Here's the abstract from the title mentioned above. Couldn't get the actual article.
Data from partners of 236 married, 66 gay cohabiting, and 51 lesbian cohabiting couples were used to assess if members of married couples differed from those of either gay couples or lesbian couples on five dimensions of relationship quality (intimacy, autonomy, equality, constructive problem solving, and barriers to leaving), two relationship outcomes (the trajectory of change in relationship satisfaction and relationship dissolution over 5 years), and the link between each dimension of relationship quality and each relationship outcome. Relative to married partners, gay partners reported more autonomy, fewer barriers to leaving, and more frequent relationship dissolution. Relative to married partners, lesbian partners reported more intimacy, more autonomy, more equality, fewer barriers to leaving, and more frequent relationship dissolution. Overall, the strength with which the dimensions of relationship quality were linked to each relationship outcome for married partners was equivalent to that for both gay and lesbian partners.
Issues worth noting:
1) Dissolution was "more frequent" but was that in a statistically significant way, or a clinically significant way, both, or just in author opinion? For example, if women had on average a highly statistically significantly .1 point higher IQ, (p<.0000001) that finding would be irrelevant when judging any men or women. How much more likely would relationship dissolution be for a whole class of people to be cut off from adoption privileges?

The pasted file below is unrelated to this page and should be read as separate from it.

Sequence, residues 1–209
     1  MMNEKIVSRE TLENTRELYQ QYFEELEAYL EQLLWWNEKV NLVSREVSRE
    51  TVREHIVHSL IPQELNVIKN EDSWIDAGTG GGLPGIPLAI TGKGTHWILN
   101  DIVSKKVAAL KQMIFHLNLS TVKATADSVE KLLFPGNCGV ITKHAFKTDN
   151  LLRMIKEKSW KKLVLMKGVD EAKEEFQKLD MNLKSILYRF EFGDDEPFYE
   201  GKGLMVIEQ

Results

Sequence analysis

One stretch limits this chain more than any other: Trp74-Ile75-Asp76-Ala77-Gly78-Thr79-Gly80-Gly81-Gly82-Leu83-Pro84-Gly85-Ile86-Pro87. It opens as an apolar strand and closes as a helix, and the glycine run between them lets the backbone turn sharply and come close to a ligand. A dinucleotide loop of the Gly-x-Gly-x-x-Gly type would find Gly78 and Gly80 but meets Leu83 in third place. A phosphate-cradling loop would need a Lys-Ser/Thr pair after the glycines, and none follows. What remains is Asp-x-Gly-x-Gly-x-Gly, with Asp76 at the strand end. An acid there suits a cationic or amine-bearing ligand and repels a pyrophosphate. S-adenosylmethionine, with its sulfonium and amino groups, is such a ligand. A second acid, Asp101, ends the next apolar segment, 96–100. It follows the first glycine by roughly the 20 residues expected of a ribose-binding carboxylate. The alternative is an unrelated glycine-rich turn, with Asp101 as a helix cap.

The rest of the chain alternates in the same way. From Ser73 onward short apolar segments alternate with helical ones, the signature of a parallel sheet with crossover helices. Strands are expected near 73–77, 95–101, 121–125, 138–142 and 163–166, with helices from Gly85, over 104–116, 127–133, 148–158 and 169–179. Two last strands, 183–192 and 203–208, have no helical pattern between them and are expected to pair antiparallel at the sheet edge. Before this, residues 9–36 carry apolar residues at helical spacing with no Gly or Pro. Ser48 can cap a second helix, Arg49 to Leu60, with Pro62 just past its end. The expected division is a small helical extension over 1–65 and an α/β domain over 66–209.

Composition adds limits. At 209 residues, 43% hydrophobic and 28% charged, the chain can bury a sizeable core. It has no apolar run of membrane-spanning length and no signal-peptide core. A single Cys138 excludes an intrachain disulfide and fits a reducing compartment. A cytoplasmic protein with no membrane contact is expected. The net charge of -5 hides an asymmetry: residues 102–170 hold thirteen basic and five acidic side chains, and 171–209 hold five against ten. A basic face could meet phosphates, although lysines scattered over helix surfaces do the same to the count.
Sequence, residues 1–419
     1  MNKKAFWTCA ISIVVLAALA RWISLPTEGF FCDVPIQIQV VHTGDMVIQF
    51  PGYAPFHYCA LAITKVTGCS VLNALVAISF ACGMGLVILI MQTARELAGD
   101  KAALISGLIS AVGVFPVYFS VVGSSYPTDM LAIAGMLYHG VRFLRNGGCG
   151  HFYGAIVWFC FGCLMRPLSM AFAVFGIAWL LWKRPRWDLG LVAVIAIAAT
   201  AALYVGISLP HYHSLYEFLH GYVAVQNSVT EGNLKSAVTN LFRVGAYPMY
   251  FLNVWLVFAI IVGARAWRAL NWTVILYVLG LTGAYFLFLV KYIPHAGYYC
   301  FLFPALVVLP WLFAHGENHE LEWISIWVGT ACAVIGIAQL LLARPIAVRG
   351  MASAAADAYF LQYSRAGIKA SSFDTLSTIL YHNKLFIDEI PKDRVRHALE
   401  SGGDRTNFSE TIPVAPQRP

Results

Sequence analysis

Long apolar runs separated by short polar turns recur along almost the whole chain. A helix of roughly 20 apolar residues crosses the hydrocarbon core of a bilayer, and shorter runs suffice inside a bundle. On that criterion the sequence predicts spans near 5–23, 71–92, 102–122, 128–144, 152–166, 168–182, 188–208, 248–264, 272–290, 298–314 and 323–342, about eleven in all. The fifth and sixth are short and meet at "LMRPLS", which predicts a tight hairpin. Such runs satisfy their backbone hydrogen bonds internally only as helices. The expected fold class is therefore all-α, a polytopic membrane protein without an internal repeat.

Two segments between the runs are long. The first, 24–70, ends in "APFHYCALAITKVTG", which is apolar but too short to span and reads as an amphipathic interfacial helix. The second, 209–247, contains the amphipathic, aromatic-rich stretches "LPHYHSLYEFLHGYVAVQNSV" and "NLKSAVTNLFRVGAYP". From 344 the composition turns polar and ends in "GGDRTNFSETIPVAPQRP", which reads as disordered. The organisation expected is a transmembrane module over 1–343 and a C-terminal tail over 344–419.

2) Is this an apples and oranges comparison? Cohabitating gay and lesbian couples are just cohabitating; married straight couples have moved from cohabitation to a higher level of committment in almost all cases I can imagine... I suppose a few live together without marriage on principle (Jonie Mitchell's "My Old Man": "We don't need a piece of paper from the city hall, keeping us tied and true..."), but perhaps a more valid comparison would be LGB couples Vs only cohabitating straights OR married couples vs LGB couples in a civil union or after a committment ceremony. Those are, afterall, the people likelier to apply for adoption.
3) Is the real distinction here the LGB factor? For example, coffee drinking is associated with lung cancer. But you wouldn't want to vary your clinical suspicion of lung cancer based on coffee exposure, because the link is there only because coffee and smoking go together. Similarly, is there some identifiable attribute of the couples that is a better predictor of breakup than sexual orientation? Perhaps every couple that will breakup argues at the initial meeting, and every couple that will remain together doesn't, and more LGB couples argue. You would want to select the nonarguing rather than the straight couples for stability. Is this plausible? Sure, LGB couples face pressures to dissolve, for exmple, lack of state support and family pressures, but these are not unique to LGB couples.. So those stressors could be identified in the screening process.
4) How were the couples identified? A lot of times you hear that STDs are VERY prevalent in LGBs. But those samples are often recruited from bathhouses and STD clinics and can't be considered representative. With couples, this issue is less likely to be a factor, but given self identification and honesty issues getting a good LGB sample can be hard.
5) Is this issue time sensitive? A freshly outed LGB is not the same as an LGB living as an LGB for 20 years. It is reasonable to imagine that after that chaotic period has ended, relationships and plans stabilize. I've seen it happen. There might be a relationship duration that is fairly sensitive and specific for longterm stability, whether in straight or LGB cohabitating couples or married/CU'd couples, or both, and thus that might be the criterion to pursue at adoption application.
This is complicated stuff. Unfortunately, on the national debate level, all we get is Bush saying "studies show the best place for children is in a married family" and so on, and no one ever gets citations from the man. Instead, people hear, and if you hear enough, you believe, and sometimes, you vote.